December 15, 2004
NMFS Northeast Regional Office
N E W S
AGENCIES MOVE ON RIGHT WHALE
Gloucester, MA -- NOAA Fisheries is organizing a summit among federal
agencies to seek immediate voluntary actions that will make East
Coast waters safer for migrating and calving North Atlantic right
whales. The animals are among the world’s most endangered large
“The losses of two pregnant females during 2004 is extremely damaging to this national living treasure,” said NOAA Fisheries director, Dr. William T. Hogarth. “NOAA is pursuing a vigorous strategy to reduce human-caused deaths and turn this population around, but that takes time,” he said. “What we can do right now is to ask federal ships that operate in the vicinity of right whales to consider additional ways to avoid them.”
Hogarth noted that federal ships are a small percentage of overall shipping traffic, but that “a strengthened leadership commitment from federal agencies sends a powerful message on the critical need to reduce the risk of ship strikes.”
NOAA Fisheries is the federal agency charged with recovering and protecting marine life listed under the Endangered Species Act, including large whales. NOAA, the National Oceanic and Atmospheric Administration, is an agency of the U.S. Department of Commerce.
The summit will be organized as a meeting of the NOAA-hosted Interagency Ship Strike Reduction Working Group and include representation from those agencies operating sea-going vessels, including the Departments of Commerce, Defense, Interior, Homeland Security, and the Environmental Protection Agency. The State Department will be included given the international distribution of right whales and ship strike events, and the Marine Mammal Commission included owing to their role oversight role in development of federal marine mammal conservation policies and programs.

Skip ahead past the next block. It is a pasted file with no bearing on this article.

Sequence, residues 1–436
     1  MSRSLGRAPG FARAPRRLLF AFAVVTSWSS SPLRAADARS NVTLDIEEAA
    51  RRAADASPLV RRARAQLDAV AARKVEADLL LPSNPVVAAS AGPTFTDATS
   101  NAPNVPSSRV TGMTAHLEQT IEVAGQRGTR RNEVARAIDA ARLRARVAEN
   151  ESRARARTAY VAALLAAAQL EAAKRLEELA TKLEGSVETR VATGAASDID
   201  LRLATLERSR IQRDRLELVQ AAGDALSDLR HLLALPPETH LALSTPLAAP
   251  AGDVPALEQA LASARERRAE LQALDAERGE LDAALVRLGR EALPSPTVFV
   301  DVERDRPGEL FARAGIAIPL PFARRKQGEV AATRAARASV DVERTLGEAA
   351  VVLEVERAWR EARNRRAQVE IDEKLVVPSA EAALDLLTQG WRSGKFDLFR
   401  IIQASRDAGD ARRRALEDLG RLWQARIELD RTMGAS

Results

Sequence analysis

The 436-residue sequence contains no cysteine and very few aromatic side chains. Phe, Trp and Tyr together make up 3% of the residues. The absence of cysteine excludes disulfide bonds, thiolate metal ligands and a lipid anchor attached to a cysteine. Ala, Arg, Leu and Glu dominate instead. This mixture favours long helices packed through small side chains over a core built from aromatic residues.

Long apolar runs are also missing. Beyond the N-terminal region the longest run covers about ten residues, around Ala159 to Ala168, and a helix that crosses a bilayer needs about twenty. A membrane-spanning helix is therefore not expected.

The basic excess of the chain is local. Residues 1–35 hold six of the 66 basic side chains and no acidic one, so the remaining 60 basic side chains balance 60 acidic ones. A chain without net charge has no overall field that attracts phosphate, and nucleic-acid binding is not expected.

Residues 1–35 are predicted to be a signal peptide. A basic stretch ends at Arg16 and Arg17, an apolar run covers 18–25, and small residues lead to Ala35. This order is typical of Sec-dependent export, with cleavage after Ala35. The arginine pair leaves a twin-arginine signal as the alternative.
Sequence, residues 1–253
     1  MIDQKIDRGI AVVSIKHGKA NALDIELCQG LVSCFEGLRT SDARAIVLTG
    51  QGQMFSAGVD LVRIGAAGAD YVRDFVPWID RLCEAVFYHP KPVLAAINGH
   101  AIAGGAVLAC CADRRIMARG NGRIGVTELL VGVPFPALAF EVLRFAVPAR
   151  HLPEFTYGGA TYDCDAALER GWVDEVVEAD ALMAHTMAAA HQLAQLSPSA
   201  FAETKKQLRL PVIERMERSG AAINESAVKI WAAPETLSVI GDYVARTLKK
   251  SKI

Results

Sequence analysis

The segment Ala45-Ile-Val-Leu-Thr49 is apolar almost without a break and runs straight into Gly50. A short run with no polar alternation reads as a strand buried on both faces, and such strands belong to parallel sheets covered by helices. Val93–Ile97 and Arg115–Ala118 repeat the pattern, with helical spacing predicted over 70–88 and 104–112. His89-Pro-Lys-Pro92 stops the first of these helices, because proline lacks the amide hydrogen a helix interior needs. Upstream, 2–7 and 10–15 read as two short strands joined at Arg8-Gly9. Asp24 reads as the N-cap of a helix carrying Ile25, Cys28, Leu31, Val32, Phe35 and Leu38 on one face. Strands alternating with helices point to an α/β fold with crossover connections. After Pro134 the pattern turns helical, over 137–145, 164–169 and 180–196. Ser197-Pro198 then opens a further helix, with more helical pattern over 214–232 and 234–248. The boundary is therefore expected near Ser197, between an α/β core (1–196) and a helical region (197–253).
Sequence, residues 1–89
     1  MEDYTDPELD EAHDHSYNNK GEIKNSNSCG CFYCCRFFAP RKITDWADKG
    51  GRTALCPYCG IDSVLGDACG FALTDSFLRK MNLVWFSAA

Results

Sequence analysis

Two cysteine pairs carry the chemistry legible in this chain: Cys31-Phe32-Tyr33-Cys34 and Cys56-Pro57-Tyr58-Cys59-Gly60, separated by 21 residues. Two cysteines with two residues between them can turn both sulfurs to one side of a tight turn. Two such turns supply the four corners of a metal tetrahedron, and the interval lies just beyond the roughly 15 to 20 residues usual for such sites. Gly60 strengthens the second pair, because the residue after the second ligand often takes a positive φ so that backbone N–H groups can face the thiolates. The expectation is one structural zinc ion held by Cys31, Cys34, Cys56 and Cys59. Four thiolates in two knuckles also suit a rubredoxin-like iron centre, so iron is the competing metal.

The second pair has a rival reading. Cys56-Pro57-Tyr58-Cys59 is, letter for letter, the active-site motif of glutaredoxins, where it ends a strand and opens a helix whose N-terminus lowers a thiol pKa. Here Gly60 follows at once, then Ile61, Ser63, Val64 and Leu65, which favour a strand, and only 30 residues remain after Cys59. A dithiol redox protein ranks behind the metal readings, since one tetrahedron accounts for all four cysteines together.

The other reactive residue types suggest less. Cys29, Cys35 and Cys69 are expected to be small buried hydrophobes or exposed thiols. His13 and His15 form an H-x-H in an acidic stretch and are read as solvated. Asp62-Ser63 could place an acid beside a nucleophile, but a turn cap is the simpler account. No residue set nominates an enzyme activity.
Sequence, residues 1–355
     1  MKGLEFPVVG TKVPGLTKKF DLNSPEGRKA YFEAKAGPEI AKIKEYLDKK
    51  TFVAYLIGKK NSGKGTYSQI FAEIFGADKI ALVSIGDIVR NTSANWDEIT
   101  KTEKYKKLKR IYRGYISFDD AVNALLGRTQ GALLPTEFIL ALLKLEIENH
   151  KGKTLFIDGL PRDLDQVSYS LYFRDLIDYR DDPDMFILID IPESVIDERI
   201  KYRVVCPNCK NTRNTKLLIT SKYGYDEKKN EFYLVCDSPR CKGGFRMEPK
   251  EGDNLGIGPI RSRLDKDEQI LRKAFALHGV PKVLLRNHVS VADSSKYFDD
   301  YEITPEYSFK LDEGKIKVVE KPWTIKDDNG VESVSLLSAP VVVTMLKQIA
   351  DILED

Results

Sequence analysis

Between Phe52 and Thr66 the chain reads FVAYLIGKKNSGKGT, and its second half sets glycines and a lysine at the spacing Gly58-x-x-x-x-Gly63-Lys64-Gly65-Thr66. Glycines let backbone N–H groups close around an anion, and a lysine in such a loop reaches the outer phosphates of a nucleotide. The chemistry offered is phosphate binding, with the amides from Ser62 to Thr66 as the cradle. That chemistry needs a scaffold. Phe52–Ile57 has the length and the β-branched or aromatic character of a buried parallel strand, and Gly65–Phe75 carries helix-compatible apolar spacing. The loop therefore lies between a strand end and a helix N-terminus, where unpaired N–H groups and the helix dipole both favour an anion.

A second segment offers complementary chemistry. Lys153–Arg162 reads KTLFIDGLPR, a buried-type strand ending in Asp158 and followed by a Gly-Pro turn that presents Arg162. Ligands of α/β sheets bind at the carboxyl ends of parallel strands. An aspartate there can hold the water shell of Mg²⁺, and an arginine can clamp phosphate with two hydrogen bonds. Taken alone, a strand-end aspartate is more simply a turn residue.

The U.S. Navy has also announced that it will issue amplified guidance to its vessels operating in the Mid-Atlantic migration corridor. “We have reviewed NOAA’s draft ship strike strategy, and are committed to working cooperatively with NOAA and others to protect and conserve the highly endangered North Atlantic right whale population,” said Aileen Smith, Natural Resources Manager for the Navy’s Fleet Forces Command. The Navy is a full participant in NOAA’s ship strike reduction implementation teams in both the southeast and the northeast, where there are existing protective measures for right whales.
The NOAA draft ship strike reduction strategy covers the entire East Coast. In the Mid-Atlantic, nine ports were identified where right whales are likely to be present seasonally, and the strategy recommends speed restrictions within 20 to 30 nautical miles of each port during those times.
UPDATE -- Over the weekend, trained whale observers on U.S. Coast Guard flights located the carcass of a North Atlantic right whale southeast of Nantucket Island on Saturday. Bad weather, however, prevented a sea-based scientific team from examining the remains to take samples and perhaps determine the cause of death. The carcass was first sighted and reported on Thursday by a U.S. Coast Guard vessel. Scientists hope to relocate and sample the animal this week.
The carcass is the fourth confirmed North Atlantic right whale death this year. Earlier this year, a calf beached and died of unknown causes and two pregnant females were killed by ship strikes.
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